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Latin America

In Rio de Janeiro, A Red Wedding For Organized Crime

At the worst possible moment for Rio, a new kind of criminal organization is moving into the city, writes Maria Martin in Brazil’s El Pais. Sophisticated, genteel, and extremely violent, the First Capital Commando appears to be too well organized for the city’s poorly equipped and underfunded police to handle.

The giveaway wasn’t a particular phone call or a specific sentence; it was the accents.

The Hero of Fort Apache

There is an extraordinary moment in a television interview with Carlos Tevez from a couple of years ago. It was 2015 and the Argentine striker had recently returned to Boca Juniors, the most celebrated club in arguably the world’s most soccer-crazed nation. The precocious Tevez had risen from abject poverty to land a spot at Boca at just 16 years old.

In the 2015 interview, the commentator, Alejandro Fantino, is peppering Tevez with questions about his neighborhood

The Goldman Murders

Environmental activism in Latin America very frequently pits indigenous local leaders against rapacious companies backed by foreign money and the full military weight of the state. As IB’s Brian Hagenbuch writes here, the separate murders of two recent winners of the prestigious Goldman Prize over the past year, in Mexico and Honduras, threw a spotlight on a much larger pattern of violence and intimidation that claimed dozens of lives in the region.

Mark Baumer’s final blog post on January 21, 2017 was morbidly prophetic.

Trump Suggests a Friendly Little Invasion

Whether Donald Trump’s suggestion he might send US troops to Mexico was a threat, as this article suggests, or a friendly offer, as the White House today claimed, the idea of US troops on the soil of a country that lost half its territory to the United States in various wars is raising a firestorm in Mexico. From Proyecto Puente, Dolia Estevez’s scoop which sent a minor shockwave through Mexico yesterday:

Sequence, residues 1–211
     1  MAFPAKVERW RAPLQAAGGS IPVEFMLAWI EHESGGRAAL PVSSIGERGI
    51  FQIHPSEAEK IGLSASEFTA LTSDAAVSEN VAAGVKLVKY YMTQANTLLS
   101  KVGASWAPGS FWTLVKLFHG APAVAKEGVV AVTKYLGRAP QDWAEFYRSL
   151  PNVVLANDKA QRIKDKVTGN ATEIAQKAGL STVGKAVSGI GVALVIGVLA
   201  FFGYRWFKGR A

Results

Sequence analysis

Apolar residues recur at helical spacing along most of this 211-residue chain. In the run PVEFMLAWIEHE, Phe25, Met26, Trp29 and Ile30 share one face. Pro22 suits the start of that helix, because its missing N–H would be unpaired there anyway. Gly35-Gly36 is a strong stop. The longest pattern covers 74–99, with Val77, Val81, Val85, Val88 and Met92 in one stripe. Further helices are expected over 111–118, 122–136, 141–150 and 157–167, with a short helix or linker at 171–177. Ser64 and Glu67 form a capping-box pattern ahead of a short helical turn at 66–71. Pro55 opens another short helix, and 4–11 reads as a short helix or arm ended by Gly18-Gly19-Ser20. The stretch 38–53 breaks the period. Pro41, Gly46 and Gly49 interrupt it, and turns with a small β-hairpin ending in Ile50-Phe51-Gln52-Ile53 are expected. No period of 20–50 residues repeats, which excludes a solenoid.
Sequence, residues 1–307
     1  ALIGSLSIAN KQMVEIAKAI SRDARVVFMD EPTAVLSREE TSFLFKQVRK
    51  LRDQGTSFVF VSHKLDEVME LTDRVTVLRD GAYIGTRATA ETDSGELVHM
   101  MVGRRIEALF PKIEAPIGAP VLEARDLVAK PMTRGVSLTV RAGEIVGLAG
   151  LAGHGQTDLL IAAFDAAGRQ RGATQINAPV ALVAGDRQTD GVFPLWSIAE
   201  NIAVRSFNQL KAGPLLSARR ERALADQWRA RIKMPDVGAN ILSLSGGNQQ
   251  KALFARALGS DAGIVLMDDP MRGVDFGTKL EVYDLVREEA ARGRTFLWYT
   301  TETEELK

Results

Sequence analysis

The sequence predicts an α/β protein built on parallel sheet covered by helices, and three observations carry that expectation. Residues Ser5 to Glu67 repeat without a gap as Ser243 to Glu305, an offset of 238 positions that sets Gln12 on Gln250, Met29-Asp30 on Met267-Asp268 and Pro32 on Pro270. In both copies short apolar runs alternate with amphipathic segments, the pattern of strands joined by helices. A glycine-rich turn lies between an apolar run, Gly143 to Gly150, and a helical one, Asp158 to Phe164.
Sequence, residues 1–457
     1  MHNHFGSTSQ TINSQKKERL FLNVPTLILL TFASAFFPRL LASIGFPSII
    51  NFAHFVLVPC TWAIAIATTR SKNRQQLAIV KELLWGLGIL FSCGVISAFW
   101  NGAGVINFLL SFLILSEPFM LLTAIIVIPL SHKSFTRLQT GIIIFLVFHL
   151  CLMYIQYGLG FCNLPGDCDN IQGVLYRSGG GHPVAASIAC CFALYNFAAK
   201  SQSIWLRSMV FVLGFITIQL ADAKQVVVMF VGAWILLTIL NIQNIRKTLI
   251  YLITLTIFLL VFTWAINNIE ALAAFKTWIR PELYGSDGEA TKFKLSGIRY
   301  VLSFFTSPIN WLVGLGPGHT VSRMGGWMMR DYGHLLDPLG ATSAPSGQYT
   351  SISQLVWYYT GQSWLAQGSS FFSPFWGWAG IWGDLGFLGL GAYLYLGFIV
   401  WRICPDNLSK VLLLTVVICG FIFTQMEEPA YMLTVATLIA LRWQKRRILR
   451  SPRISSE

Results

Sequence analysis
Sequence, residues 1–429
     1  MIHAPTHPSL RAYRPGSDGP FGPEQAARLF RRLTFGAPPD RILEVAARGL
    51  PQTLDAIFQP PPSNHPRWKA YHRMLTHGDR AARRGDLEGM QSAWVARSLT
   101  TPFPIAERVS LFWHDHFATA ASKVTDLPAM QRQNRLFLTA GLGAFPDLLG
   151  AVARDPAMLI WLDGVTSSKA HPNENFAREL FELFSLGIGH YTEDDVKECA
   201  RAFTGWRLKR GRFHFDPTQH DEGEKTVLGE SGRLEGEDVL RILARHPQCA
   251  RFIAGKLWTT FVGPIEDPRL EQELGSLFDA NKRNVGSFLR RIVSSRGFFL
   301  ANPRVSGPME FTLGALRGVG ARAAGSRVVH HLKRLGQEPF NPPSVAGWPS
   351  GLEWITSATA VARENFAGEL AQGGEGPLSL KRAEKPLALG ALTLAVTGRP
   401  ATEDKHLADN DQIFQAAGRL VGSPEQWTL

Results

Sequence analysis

The President of the United States, Donald Trump, told his Mexican counterpart, Enrique Pena Nieto, that the United States does not need Mexico

The Gunman in Winter

Snapshots from the life of a Caracas street thug, retired at an early age, from Leo Felipe Campos.

He was 12 years old the only time his father asked him for a gun. That is his last memory of the father: He heard him saying through clenched teeth that someone had robbed him and he wanted revenge. The boy got him the gun.

‘That Sixty Million Americans Voted For Him Is Terrifying’

Joseph Zarate’s in-depth reporting* on the effects of natural resource extraction on indigenous communities and the land in Peru have won him a reputation as one of Latin America’s most insightful and accomplished young journalists. Here, he gives International Boulevard a glance from his vantage point on the United States as Donald J. Trump takes power.

As a Peruvian, how do you interpret Donald Trump’s victory? Did it surprise you or change how view the United States?

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